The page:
We learn it in parts, but it all made one great sacrifice, from meeting with God as made sin, His personal dignity in giving up His own life, and in the shedding forth the blood and water when all was finished—the shedding forth that in which its value is applied to us. But it is of all moment to view it adoringly, and not in dissecting it, as it were; only fully recognizing as far as we can the import of drinking the cup, where all the ingredients that sin had put into death are found. It is in the spirit of adoration—and withal, knowing what sin is—we must dwell on it, but the glory of His person giving Himself for God the Father's glory and then for our sins, and made sin for us, and devoted love to Him—that we must look at it.
November 12th, 1881.

The Holy Spirit Dwelling in the House and in the Individual; Independent Action of the Holy Spirit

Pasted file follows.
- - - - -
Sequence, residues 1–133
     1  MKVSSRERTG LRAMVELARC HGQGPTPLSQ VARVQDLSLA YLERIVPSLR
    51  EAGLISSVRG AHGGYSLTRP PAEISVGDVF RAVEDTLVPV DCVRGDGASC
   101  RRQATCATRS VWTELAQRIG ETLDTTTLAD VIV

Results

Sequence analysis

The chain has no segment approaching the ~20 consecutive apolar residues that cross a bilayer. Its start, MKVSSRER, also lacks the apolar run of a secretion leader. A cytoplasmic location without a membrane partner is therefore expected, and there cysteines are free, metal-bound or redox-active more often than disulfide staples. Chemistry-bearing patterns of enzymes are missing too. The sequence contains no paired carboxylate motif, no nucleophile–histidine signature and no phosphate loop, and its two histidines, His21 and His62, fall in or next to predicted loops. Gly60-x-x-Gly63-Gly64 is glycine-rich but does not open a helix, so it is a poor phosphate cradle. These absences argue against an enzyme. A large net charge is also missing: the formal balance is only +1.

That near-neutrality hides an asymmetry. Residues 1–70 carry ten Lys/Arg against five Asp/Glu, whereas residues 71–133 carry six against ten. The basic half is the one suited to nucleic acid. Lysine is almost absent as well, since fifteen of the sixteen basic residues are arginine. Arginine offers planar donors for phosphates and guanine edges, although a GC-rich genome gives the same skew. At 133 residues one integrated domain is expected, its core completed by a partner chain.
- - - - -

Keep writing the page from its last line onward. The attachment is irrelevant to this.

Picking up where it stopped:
I have not the least doubt that the interpretation* of John 14:17, though very common, is a mere blunder. "Dwelleth" is the same word as "abide" in verse 16. Christ the Comforter would not "abide" with them as He then was, nor was He "with" them. The other Comforter would abide "with" them, and "be in" them. "Will abide" in Greek would be the same word as "abide," save an accent, and there were none originally: μένει abides; μενεῖ will abide.
(* 'I cannot see that the Spirit took up His abode in the house, or in them in any way separate from, or distinct from, His being in them individually. By the fact of His being in thorn individually, and being Spirit, He was of necessity in them collectively, and in no other way that I can see... " He is with you and shall be in you ": on this is founded the whole thought of the presence of the Spirit with us, apart from His being in us. as the leader of the assembly. I understand the Lord to mean that He Himself, having received the Spirit, He, the Spirit, was with them, because Jesus Himself was with them, and He was in Jesus; but that by-and-by the Spirit would be in them in like manner as He was in Jesus: that at Pentecost they should themselves receive the Spirit, and that now the Spirit is not with us in the sense in which that verse speaks of His having been with the disciples.')